HORROR – Why dOeS IT sCarE us SO???????????

What the Hell is horror anyway? Vampire, Zombie, Slasher, Gore Fest, Suspense?

This question kind of came up in an Podcast of me and my co-writer Joe Randazzo – when Char Hardin interviewed of us about our Screenplay “Resurrection of Blake House”

What is Horror: Hitchcock’s “Psycho” – is it Horror? “Andy Warhol’s Dracula”? “The Changeling” with George C. Scott (not the Angelina Jolie film of same name), are any of these “Horror” films? Now the “Changeling”, that’s horror. Why, because of a ghost? I once thought that the horror of a horror film was where the hero/heroine had to change and become like the killer to survive. Classic movie story – introduction, conflict, change and growth. Except what makes it horror is instead of growing in a positive way, the hero/heroine is now a violent killer. Just think of “Friday the 13th” and “Halloween”– gentle and meek females who survive by becoming self dependent and violent. Gee that also applies to “The Terminator” as well doesn’t it.

I suppose you could point to the socio/psycho element of watching in a dark theater surrounded by strangers – see The Magic that happens between the Frames – I have, but that doesn’t explain why when I watched “The Ring” – with 3 other people in a well lit room on a TV, we each ran out of the room at different times, or why my wife started pounding me on the shoulder screaming at me “Why did you think it would be a good idea for me to watch this?” While watching “The Changeling” (Again George C. Scott and Melvin Douglass) one X-mas vacation night. Or watching “The Others” alone on DVD on a television, one hand on the light switch. Terrifying all. But……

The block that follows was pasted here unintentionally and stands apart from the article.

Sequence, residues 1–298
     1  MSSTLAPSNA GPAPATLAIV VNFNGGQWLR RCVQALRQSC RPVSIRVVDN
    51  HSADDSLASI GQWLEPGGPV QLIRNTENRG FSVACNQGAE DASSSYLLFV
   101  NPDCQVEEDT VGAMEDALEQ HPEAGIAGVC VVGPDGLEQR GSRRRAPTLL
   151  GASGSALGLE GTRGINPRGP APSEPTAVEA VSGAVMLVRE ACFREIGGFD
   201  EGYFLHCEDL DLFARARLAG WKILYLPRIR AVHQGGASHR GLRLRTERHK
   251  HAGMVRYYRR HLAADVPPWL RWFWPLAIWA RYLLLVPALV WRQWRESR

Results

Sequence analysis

“The Ring” doesn’t scare me anymore, neither “The Others”, “The Changeling” well I first saw it in a theater and I ended up doing a back-flip into the row behind me I was so tense and scared, but now, not quite the same. Still “The Exorcist” has some chills in it. So what is it? What makes a “Horror” Film scary? Or are they scary any more?

Let’s look at one of the most terrifying films of all time – “Jaws”. It was scary, scary enough to keep people out of the water for a summer. Scary enough to have lines around the block, because we want that fear, that feeling of being alive – pretty much the dead aren’t afraid of anything. Scary because the rules that we lived by, were completely turned heels over head in that film. While in the theater “Shark eating Man” – as opposed to “Man eating Shark” was the way of the world. In many ways Jaws was about overcoming fear – Roy Scheider’s character has to overcome his fear of water, and at the end he has, and we overcome our fear of the shark, order is restored and the world is how it was before – safe and understandable. So at the end of the film the world make sense, and so the world it isn’t that scary at the end of “Jaws”, and isn’t a “Horror” Film.